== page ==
Wanted: more pay please

You’ve been working in the same place for years and while your pay hasn’t shifted since 2007, the cost of living - particularly utility bills and food - has skyrocketed. So how do you ask the boss for a pay rise?

In this post-GFC work climate, many employees may avoid asking for a pay review because they don't rate their chances of success.

But certain times of the year might be better than others to ask for a raise. If there is a skills shortage in your field, you could be in a stronger position than some, but employers might still take the attitude that while there are plenty of others out there looking for work, making you less indispensable.

Recruitment specialists at Robert Walters suggest first looking at how the company is doing and evaluate the general market conditions in your sector, and checking to see what people performing similar roles are getting.

Another important thing to consider are potential trade-offs. Instead of a pay rise, you could settle for some perks like gym memberships or a mobile phone.

Some of my mates in the HR business (yes I have some) tell me people should write down exactly why they think they deserve a higher salary, be it good results for the company or that they haven’t had a pay increase in a few years.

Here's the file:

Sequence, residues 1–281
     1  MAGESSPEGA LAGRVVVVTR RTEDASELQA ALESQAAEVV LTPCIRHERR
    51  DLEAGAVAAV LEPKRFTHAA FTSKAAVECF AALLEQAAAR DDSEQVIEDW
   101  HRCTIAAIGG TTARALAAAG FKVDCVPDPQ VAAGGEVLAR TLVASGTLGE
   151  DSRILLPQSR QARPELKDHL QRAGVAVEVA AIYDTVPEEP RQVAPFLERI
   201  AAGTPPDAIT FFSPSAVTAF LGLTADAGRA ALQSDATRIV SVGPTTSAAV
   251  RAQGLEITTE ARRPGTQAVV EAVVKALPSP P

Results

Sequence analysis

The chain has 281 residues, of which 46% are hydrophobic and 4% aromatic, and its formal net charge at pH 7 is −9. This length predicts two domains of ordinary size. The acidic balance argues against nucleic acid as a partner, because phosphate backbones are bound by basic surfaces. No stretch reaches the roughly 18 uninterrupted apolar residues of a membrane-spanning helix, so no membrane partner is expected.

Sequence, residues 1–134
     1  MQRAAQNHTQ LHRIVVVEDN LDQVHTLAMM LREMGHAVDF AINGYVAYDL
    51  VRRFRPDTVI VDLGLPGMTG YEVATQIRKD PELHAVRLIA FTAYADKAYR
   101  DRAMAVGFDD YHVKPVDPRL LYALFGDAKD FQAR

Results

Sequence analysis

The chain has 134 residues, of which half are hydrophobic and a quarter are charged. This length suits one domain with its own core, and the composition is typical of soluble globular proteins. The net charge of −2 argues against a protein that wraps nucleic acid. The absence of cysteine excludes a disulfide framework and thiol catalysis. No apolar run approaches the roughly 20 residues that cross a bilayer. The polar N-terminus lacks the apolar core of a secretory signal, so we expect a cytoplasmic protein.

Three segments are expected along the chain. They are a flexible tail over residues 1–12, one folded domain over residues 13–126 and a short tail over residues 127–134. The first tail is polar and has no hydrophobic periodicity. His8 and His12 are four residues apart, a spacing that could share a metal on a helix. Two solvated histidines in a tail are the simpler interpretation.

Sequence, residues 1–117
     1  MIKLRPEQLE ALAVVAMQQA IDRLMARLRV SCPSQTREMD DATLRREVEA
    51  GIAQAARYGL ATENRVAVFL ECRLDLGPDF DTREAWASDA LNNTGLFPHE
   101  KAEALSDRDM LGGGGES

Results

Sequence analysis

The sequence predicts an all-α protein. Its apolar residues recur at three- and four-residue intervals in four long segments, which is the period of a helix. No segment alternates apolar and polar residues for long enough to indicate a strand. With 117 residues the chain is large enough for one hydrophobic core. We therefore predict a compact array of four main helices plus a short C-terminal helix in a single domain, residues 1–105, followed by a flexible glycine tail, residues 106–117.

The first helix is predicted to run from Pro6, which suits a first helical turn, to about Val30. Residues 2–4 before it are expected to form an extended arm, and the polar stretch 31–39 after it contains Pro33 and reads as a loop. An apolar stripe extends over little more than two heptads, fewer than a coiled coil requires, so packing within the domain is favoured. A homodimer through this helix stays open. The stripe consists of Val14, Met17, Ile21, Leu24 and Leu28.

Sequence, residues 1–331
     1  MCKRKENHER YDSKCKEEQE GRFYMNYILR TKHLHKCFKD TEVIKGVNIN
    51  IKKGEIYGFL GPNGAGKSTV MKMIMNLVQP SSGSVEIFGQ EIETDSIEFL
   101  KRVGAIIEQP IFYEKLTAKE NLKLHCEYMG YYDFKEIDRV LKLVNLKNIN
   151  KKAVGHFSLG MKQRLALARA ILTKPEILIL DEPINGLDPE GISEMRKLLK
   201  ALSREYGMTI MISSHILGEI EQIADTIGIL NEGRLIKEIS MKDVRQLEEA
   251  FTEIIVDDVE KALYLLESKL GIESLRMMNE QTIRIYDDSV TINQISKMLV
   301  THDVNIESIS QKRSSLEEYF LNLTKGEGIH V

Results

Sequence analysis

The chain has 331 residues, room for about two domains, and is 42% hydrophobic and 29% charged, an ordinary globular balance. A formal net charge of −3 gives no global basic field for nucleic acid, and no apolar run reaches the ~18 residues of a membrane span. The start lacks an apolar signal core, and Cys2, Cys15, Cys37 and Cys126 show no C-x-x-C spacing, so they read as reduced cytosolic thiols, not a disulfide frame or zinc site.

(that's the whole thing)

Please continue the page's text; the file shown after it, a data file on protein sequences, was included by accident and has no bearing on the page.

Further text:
They also suggest you raise the issue face-to-face if possible, and have a back up plan if your request is denied. HR specialists say that the company might well call your bluff if you threaten to leave for a higher paid position. They suggest you find out whether they can replace you for less money than they pay you.

Barbara Safani at AOL News suggests documenting all your achievements during the year, and making yourself hard to replace by becoming the expert in one specific area. She also recommends you take on tasks that no wants to do, step in to do the job of a worker who has been let go which would make you more indispensable, and take on high-profile assignments, particularly when it’s close to review time.

According to Emma Johnson at Forbes, negotiating a pay rise in tough times means documenting everything and presenting it when you walk in to negotiate with your boss. It can be everything from sales numbers and  recruitment of valuable clients to specific innovations that you helped introduce that assisted the company or even saved it money.

If you don’t see any prospect of getting a raise, she suggests asking for alternatives. It can be anything from more time off or permission to work one or two days a week from home. If nothing else, it establishes a conversation with your boss that you can resume when things ease up.

Have you used any of these methods to get a pay rise or have you given up asking?